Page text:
Construction work is known for its inherent dangers: trips, slips, and falls, not to mention a variety of other construction accidents. Once cold temperatures arrive and snow and ice become part of the picture, construction site hazards are severely amplified.
In the upper northeast, winter conditions are often extreme, which means workers in New York and New Jersey are at especially high risk for life-changing accidents.
I’ll tell you more about what to look out for this winter below, and let you know what to do in the unfortunate case that you sustain injuries in an accident. The New Jersey construction accident attorneys at Buttafuoco & Associates have been protecting the rights of construction industry workers for decades; if you need help, don’t hesitate to reach out for a free case review at 1-800-NOW-HURT.
Slips and Falls
Slips and falls on construction sites in winter are far too common. Slick conditions exist everywhere on winter construction sites. If you take a spill, the resulting injuries can range from mild bruises and scratches to broken limbs, painful cracked ribs, and life-threatening spinal injuries and head trauma.
Even indoor construction sites are not immune to the dangers of snow and ice. When precipitation is tracked in, slippery entryways and floors are common.
It is essential for construction site managers to ensure that working conditions are free of snow, ice, and water, and that workers are not working in situations where dangerous conditions cannot be managed. Otherwise they may be held liable.
Helpful tips for preventing slips and falls
- Call on your employer to frequently evaluate all work spaces including scaffolding, ladders, and elsewhere for dangerous snow and ice. Ask that they take measures to remove it.
- Make sure your employer frequently evaluates indoor areas and mops up wet patches.
- Request that your employer provide necessary safety gear such as non-slip winter boots and instructions on how to dress to stay warm during winter.
- Ensure that you are trained on how to safely move on frozen surfaces, including how to walk using short steps.
Cold Weather Injuries
While we often think of slips and falls as the prime injury-causing incidents on construction sites, there are a variety of illnesses and serious injuries that emerge directly from cold exposure itself.
Chilblains and frostbite which damage blood vessels can sometimes be permanent, causing pain and redness on a long-term basis. Trench foot is another serious issue that can arise when temperatures dip below freezing and limbs cannot retain warmth. In severe cases, trench foot can result in gangrene and potentially the need for amputation.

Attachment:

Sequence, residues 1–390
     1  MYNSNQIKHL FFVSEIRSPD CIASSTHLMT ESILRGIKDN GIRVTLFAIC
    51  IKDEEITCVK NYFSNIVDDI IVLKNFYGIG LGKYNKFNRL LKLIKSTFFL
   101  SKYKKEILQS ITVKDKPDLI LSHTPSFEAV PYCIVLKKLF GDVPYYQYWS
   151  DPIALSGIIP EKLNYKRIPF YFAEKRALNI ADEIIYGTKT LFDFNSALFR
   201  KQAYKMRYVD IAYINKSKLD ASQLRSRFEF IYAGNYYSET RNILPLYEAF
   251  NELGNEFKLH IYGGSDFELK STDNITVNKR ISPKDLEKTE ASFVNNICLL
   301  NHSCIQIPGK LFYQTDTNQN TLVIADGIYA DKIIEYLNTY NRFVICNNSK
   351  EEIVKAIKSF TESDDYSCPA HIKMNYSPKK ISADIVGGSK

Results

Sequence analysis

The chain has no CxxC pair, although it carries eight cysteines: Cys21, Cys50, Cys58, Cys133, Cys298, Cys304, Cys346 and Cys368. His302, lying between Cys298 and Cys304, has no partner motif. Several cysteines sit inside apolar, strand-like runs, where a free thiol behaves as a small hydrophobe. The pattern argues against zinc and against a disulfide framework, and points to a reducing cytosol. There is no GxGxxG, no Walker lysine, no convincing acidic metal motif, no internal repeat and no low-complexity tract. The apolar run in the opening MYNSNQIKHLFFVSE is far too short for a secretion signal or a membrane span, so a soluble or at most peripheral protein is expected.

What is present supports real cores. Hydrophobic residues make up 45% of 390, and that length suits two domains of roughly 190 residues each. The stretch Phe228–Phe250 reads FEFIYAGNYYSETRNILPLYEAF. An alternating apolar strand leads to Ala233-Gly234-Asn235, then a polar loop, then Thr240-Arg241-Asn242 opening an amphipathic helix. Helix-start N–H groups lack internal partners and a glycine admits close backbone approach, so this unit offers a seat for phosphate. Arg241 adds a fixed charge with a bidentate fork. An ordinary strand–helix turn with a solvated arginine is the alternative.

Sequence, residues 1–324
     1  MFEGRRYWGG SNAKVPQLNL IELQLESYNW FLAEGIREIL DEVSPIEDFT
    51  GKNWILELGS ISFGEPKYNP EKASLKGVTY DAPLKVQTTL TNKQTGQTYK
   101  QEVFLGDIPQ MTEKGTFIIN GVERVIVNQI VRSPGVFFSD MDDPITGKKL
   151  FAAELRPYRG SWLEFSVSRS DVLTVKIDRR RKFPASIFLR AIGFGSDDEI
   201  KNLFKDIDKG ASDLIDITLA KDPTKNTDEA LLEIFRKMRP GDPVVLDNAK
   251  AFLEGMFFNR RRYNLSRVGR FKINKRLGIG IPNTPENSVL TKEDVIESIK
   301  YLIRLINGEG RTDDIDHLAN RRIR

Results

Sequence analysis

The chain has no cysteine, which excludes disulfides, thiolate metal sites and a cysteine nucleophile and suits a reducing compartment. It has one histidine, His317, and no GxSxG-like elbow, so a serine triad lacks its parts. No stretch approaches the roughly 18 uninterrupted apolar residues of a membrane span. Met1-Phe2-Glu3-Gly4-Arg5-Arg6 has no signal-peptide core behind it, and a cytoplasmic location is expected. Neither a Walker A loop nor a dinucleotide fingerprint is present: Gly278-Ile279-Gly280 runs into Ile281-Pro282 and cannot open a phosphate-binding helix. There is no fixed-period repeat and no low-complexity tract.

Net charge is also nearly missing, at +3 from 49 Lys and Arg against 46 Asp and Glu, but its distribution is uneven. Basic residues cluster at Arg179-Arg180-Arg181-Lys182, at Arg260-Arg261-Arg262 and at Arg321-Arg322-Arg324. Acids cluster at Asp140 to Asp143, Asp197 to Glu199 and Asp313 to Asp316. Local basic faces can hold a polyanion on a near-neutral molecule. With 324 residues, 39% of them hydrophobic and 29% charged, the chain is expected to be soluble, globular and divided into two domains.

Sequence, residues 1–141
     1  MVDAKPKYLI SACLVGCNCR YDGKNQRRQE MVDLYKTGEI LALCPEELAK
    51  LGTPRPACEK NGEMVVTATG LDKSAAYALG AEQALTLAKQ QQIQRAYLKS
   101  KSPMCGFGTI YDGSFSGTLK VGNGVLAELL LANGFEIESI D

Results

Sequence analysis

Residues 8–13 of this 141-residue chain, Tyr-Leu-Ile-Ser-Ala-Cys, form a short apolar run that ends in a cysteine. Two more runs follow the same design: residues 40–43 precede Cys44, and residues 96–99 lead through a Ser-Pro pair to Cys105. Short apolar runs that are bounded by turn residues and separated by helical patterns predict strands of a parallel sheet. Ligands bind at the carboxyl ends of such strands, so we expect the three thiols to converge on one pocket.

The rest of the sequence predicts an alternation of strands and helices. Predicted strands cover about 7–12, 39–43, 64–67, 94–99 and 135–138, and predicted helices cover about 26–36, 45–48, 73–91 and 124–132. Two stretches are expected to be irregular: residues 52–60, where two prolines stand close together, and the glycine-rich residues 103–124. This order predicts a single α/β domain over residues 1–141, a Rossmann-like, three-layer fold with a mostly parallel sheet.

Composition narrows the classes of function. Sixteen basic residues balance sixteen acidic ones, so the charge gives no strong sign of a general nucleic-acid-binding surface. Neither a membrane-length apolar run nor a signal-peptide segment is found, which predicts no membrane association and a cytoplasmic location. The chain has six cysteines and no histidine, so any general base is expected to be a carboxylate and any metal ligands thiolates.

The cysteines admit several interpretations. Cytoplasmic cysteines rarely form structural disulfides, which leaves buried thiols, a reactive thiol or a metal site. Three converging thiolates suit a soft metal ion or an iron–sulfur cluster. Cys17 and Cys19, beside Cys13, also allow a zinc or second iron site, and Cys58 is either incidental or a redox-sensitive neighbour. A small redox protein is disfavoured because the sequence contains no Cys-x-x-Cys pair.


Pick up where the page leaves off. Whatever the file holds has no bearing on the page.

Hypothermia is another serious hazard winter construction workers face. When you are in the cold for too long, your body temperature can drop so far that it impacts not only your skin, but even essential processes like brain function. Unfortunately, it’s easy to overlook hypothermia until severe damage has been done.
How to prevent cold weather illnesses
- If you notice that you or a co-worker is experiencing symptoms of hypothermia such as blue lips and extreme shaking, it is an emergency medical situation. Call 911, remove wet clothing, and bundle up in dry blankets or towels. Warm beverages can also help increase body temperature safely.
- Ask employers for proper winter clothing: warm boots, sturdy gloves, and body heat-retaining clothing are essential
- Ask for sufficient warmup breaks in extreme cold situations
Safe Driving on Construction Site Roads
Some construction work involves driving heavy, dangerous machinery. Cranes, bulldozers, and other vehicles can become even more challenging to maneuver on muddy or icy areas. Even if you are driving at safe speeds, accidents can happen.
To prevent driving injuries:
- Drive at safe speeds
- Ensure that employers train employees on how to safely drive on wet, icy, or snowy roadways.
- Make sure your employer inspects vehicles regularly and that brakes, steering, and lights are in good condition for winter weather.
- Ensure the use of caution items like cones, signs, and barriers for dangerous areas.
Do you need an attorney?
Preparing for the winter season is an essential part of safely overseeing a construction site. Supervisors are legally required to take precautions to keep employees safe. If you have been injured and are concerned that your supervisor was negligent, or did not utilize a sufficient level of care for the conditions at hand, you may have a case against them. In this situation, it may be in your best interest to contact a Northern New Jersey construction accident lawyer.
At Buttafuoco & Associates, we have been representing construction workers and fighting for their rights for decades. To find out more about whether you have a case, get in touch with us for a free consultation.